What’s Your Special Sauce?

Many years ago, a venture capitalist starting a meeting with a very direct question:  “What’s your special sauce?” he demanded.  Hold that thought.

Last week I got an email from recently formed private equity firm, actively searching for new investments.  In short, they are looking to acquire small to middle-market companies with a focus on profitable businesses in high-growth industries.  Their industry focus is “general, including manufacturing / industrials, healthcare, technology, education, media / entertainmentn, and consumer goods.”

While not explicitly stated, I suspected they are also looking for recurring revenue models, outstanding management teams and opportunities to acquire these businesses at modest valuation multiples.  I suspected this because I hear this at least once a week from one of many private equity firms looking for new investments.

So I emailed back to ask how they are different from other private equity firms that are constantly calling me in search of the same lower-middle market deals.  The associate called me, so I was hopeful of getting a real answer.


Instead he reiterated their interests and trumpeted their first deal that has already closed.  So I pressed him again on the phone about differentiation – what is different about your firm from many other P.E. firms that are calling on me?  In other words, what’s your special sauce?  The deals he described – profitable companies, high EBITDA margins, growth industries, recurring revenues with strong management, sound like companies that couldn’t screw themselves up even if you tried.  These companies are the easiest to sell by far, and the P.E. universe is very crowded with firms chasing them.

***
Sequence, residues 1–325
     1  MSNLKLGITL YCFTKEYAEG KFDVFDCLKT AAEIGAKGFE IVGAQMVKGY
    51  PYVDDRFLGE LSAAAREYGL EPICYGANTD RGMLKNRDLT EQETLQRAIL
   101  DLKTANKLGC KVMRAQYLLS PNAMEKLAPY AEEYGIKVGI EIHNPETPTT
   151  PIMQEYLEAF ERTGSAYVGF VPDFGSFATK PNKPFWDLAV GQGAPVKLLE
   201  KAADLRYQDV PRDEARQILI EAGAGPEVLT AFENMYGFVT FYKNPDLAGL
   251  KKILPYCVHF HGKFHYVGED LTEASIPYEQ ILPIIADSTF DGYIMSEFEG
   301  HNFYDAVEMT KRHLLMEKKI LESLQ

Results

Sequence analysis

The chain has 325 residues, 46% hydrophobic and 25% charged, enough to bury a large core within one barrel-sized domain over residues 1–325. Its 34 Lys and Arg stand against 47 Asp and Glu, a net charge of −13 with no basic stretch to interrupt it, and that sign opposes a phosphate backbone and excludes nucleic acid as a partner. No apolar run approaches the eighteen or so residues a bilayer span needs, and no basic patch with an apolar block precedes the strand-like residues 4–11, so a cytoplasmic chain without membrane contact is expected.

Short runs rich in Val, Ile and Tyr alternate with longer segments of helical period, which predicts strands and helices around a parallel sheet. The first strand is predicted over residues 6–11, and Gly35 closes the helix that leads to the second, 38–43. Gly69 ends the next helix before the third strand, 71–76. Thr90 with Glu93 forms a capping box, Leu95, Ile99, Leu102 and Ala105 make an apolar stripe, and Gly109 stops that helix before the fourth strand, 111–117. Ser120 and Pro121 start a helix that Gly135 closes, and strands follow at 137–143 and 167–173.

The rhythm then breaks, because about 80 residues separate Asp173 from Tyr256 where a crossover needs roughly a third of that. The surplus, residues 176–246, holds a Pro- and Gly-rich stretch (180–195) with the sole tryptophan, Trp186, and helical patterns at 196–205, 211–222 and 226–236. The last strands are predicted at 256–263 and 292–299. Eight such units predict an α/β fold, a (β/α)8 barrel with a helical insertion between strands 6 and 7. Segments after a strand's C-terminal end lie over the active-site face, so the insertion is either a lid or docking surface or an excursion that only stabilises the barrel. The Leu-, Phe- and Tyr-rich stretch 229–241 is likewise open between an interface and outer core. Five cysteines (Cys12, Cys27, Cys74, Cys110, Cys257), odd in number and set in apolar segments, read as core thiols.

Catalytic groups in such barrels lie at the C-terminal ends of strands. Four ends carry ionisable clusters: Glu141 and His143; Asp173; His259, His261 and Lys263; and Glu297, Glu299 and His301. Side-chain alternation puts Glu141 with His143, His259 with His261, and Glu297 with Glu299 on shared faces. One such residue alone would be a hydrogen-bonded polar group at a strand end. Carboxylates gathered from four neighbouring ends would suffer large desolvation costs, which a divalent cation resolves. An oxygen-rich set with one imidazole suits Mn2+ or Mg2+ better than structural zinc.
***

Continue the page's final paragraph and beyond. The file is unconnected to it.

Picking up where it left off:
His reply was disappointing – they have “operating partners” who will get “more involved” with the companies they acquire to “help management” (who we already know must be outstanding and already generating high growth and high profit margins – what exactly is the help they need?) more than other firms who might only attend quarterly board meetings.  Really?  With such a generalist industry focus, what is the likelihood that much of this time is spent catching up on an understanding of what drives the business, creating more intrusion than help for management?

While that may be a reflection of their style, I need a much better reason to move this firm to the head of the pack before sending the very best deals their way.

To stand out in the lower-middle market today, private equity firms need a Special Sauce.

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